Scott O’Dell was also author of Island of the Blue Dolphins.
Bright Morning loves the spring. It makes the canyon walls break forth with lovely green trees and blue rushing water. But best of all, it means that Bright Morning and her best friend, Running Bird, can herd their mothers’ sheep out onto the wide green mesa. There they can chatter together and bask in the sun’s warmth. Bright Morning is happy.
But suddenly, trouble strikes. First, a Long Knife – curse the white men! – comes to their camp and threatens them with punishment if they do not keep the peace. And then, while Bright Morning and Running Bird are out in the fields, two Spaniards appear. There can be only one thing that Spaniards could want here… Slaves!
Will Bright Morning and Running Bird be able to escape from their cruel captors? And what of their village? Will it be destroyed?
Sing Down the Moon seemed more like two stories stuck into one than a flowing, well-knit story. The first half consists of Bright Morning’s capture by the slave traders. The second half records the Navajo longwalk from the Navajo’s beloved canyons to the bleak Bosque Redondo. I suppose its jerkiness was more ‘realistic’, but it felt disconnected.
In the second chapter, we learn that Bright Morning is to marry Tall Boy. Her friends tease her about Tall Boy, but she never really gives an opinion of him. Towards the end of the story they have a wedding ceremony and we find out later that she is pregnant, but there are never any romantic scenes between them. She actually nags him a bit with her ideas of running away back to the canyons to find her scattered sheep. When no other course of action is available, he finally gives in to her desires. Bright Morning writes that Tall Boy made a tiny spear for his baby boy, and sings a song to him about killing their enemies. Bright Morning breaks this spear, signaling her distaste for violence.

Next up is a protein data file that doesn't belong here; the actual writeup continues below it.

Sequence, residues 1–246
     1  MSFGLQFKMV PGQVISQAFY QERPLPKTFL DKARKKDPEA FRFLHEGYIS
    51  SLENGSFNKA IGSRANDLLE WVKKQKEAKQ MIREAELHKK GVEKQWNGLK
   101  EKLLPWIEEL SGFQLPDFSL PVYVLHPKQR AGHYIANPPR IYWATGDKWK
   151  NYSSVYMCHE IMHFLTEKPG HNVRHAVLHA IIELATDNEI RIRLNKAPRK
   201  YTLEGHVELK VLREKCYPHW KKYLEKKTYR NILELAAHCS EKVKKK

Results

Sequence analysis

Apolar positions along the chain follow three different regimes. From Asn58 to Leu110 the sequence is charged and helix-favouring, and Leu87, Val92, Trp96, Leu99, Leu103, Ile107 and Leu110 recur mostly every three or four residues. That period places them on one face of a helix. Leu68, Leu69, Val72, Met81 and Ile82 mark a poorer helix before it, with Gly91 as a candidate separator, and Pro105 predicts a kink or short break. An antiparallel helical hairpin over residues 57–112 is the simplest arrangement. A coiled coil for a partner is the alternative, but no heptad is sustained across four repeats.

The biggest note I have to make concerns the religion of the Navajos. It doesn’t infiltrate the story, but it definitely affects it. Bright Morning often thinks of what may or may not please the gods – whether she should dance or laugh or be happy for fear of angering them.
Bright Morning writes that their summer at the Bosque Redondo was bad because there were witches and ghosts everywhere and this made people die. Also, the people feel that their gods have forsaken them. Standard procedure when someone is sick is to call for the medicine man who prays, chants, and touches the sick person with blue stones. This happens twice.
Also, after Bright Morning returns home, her mother decides that it is time for her to have a Womanhood Ceremony. It is unclear what prompted this decision, and the ceremony contains nothing inappropriate – just little rituals.
While Bright Morning is in captivity, she goes to a church for the Easter ceremony. Here, she hears for the first time of Jesus. He is described to her as being “like all our gods if you put them together. He is Falling Water and Spider Woman. But he is not cunning like Falling Water, nor is he vengeful lie Spider Woman.” [pg. 44] She also attends the next night when, “a tall figure suddenly appeared at the door, a man with a circle of cactus thorns around his head. He was carrying a heavy wooden cross on his back. On his face there were spots of blood.” [pg. 48] A fellow captive explains to Bright Morning that “they think he is Jesus Cristo.”
Bright Morning becomes scared when she sees a wolf, because, “these Wolves are sometimes Witches. They are humans who dress up as wolves and try to do you harm.” [pg. 29]
Bright Morning sees an owl and thinks that it is a good omen.
Two lies are told which do not save lives. Also, Bright Morning and her friends steal horses when they attempt to escape.
Conclusion. Good. I prefer Navajo Longwalk as a story, but Sing Down the Moon will satisfy an older audience.
Review © 2013 Laura Verret